Sienna is the new Gertrude

Baby Name Wizard offers a cool interactive graph that can tell you the popularity of baby names over the last 100 years.

The Frigid 50

Film Threat lists here the "Frigid 50" - people in Hollywood right now who are anything but hot, popular, in-demand, or intriguing.


There are fans... and then there are fans

The December issue of Wired magazine has a fun article about a group of fervent Star Trek fans who are creating new episodes for the 1960s TV series, using as a jumping-off point the question of what might have happened if NBC hadn't have cancelled the show after its third season.

Lost “What Kate Did”

Cool: It’s fun to see Kate blow up her lecherous drunk of a stepfather in the opening sequence, the crime that first sent her on the run from the law. Points will have to be deducted, however, because the show’s producers resort to the hackneyed camera angle of the house exploding in the background as Kate roars towards the camera on a motorcycle in the foreground. This tired gimmick wasn’t even fresh back in the 1970s when CHiPs, The Rockford Files, and Magnum P.I. were using it.
Cooler: The last scene. Michael types a response back to an unexpected “Hello” message on the Apple II-C and gets back a reply from someone (“Dad?”) who might be Walt. A powerhouse of an ending, which is good considering we won’t be getting any new episodes until mid-January.

Coolest: Mr. Eko comes through yet again, producing for Locke the missing pieces of the Hanso orientation film that will surely provide interesting tidbits in the coming episodes. Already we learn from one respliced section about the dangers of using the computer to communicate, which is - of course - what Michael's in the next room doing at that very moment.
Huh? Why isn’t Hurley losing weight? And why isn’t Jack’s close-cut hair growing? It’s been over 45 days now since the crash.
Best Line: “Don’t forget the button” – Jack to Kate as he leaves her alone with Sawyer in the hatch. A subtle reminder for the audience that despite all of the drama going on lately with the tail section survivors, Jack, Locke, Kate, et al have been working in shifts all this time to be sure the numbers get imputed every 108 minutes.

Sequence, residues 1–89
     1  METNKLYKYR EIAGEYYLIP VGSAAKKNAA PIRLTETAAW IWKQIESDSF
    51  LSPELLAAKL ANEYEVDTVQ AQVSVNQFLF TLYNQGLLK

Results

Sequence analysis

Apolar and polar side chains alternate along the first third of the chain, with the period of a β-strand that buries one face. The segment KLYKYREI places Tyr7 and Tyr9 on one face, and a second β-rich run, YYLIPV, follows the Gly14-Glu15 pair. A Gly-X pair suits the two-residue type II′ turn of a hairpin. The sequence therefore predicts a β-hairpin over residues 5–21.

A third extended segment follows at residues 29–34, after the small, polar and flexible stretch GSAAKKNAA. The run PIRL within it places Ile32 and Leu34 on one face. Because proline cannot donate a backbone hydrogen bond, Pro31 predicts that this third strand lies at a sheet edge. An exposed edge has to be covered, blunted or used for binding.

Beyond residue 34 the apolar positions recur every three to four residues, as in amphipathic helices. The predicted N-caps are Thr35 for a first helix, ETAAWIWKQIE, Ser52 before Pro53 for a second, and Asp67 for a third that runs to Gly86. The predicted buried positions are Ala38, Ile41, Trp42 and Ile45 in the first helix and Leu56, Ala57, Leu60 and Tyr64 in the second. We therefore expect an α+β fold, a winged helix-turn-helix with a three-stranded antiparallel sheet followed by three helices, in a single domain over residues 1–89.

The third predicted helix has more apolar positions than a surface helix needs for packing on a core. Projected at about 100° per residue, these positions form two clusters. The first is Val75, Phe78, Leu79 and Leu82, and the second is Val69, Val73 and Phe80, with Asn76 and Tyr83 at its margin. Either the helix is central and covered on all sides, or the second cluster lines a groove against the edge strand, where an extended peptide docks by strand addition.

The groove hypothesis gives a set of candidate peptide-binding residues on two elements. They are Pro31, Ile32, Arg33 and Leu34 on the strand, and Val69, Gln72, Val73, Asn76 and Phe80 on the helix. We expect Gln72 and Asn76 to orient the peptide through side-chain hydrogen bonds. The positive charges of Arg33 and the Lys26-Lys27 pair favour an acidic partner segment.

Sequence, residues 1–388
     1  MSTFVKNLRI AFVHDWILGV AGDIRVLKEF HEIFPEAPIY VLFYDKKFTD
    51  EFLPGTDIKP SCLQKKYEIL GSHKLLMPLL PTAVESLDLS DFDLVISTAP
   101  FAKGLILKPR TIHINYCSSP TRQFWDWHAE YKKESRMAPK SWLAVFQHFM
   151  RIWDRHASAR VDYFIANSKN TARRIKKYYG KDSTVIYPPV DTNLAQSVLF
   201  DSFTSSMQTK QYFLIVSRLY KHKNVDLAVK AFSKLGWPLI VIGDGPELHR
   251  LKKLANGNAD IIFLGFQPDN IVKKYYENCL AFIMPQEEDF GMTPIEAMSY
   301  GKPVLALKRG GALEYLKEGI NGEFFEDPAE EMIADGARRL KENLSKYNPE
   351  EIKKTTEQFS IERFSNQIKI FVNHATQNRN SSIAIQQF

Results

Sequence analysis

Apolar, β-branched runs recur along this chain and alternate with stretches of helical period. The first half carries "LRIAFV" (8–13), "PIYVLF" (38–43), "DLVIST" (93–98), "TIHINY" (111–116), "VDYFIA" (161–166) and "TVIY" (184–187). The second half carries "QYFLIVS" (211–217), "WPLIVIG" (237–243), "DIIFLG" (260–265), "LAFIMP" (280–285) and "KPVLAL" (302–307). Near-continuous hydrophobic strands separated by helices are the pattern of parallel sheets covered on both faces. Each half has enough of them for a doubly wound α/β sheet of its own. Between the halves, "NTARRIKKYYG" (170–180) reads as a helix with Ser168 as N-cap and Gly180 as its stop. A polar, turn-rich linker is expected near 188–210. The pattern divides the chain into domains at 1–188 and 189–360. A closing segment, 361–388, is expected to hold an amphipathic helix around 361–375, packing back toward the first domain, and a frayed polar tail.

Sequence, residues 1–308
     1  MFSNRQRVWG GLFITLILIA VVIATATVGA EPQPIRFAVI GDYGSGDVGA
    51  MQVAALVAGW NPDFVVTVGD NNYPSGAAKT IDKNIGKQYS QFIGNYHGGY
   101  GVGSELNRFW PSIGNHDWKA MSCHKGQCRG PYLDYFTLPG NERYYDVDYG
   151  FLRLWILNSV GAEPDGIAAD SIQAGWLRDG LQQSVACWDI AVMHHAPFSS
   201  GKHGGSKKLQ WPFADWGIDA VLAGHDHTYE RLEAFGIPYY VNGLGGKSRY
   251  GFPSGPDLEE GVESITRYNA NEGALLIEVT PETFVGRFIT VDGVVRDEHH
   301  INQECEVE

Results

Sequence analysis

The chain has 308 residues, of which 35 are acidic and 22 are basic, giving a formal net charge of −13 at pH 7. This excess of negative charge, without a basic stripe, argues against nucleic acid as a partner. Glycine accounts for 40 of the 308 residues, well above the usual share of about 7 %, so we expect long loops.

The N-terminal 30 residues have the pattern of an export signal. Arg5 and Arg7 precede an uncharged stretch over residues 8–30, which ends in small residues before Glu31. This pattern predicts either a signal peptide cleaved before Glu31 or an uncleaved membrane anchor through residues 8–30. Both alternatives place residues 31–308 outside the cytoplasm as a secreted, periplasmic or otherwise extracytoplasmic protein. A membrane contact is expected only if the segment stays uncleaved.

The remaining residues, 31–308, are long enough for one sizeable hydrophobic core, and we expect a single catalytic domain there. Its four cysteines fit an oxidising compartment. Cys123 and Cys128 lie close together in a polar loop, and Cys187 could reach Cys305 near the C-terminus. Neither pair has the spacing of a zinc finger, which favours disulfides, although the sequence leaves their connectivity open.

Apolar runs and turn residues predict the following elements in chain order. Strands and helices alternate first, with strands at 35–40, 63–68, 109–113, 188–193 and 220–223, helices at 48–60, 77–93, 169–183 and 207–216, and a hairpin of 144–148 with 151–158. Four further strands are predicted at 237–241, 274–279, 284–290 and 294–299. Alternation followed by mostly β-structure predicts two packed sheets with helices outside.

Lost “Collision”

Cool: It was great to learn about what turned Ana-Lucia into such a sneering tough girl (and why she’s so at ease handling a gun and questioning "suspects" like Nathan and Goodwin). Even more intriguing is the suggestion that she’s not only angry at losing her boyfriend and her unborn baby, but also consumed with self-hatred and guilt over killing the man responsible for her losing her boyfriend and unborn baby.
Cooler: Sayid and Mr. Eko tangling in the jungle mud is about as evenly pitched a fight as one could imagine. Except maybe Mr. Eko and Locke, which is surely coming eventually.
Huh?: Does anyone really believe that the LAPD would ever allow a patrol cop to work in the precinct where her mother was her supervisor?
Best Line: “I was pregnant.” – Ana-Lucia’s line to her would-be killer Kevin, moments before pumping a number of bullets into him, some from a distance, a few more up close for good measure. Without question, this is a melodramatic development that would fit right in on Desperate Housewives, but they can’t all be home runs.
Falling: The producers – Yeah, it was gratifying to see all those reunions, Jin and Sun, Bernard and Rose, Michael and Walt’s dog. But the slow motion music montage approach to this sequence was a little cheesy, reminiscent of a feel-good Hallmark ad.


Lost “The Other 48 Days”

Cool: The episode’s opening sequence. First comes the crashing tail section, shattering the calm of the tranquil beach. Then comes a jittery, post-crash chaos as survivors wade to shore and tend to the injured, all of it goosed by shaky handheld camerawork and jarring jump cuts (thank you, Saving Private Ryan).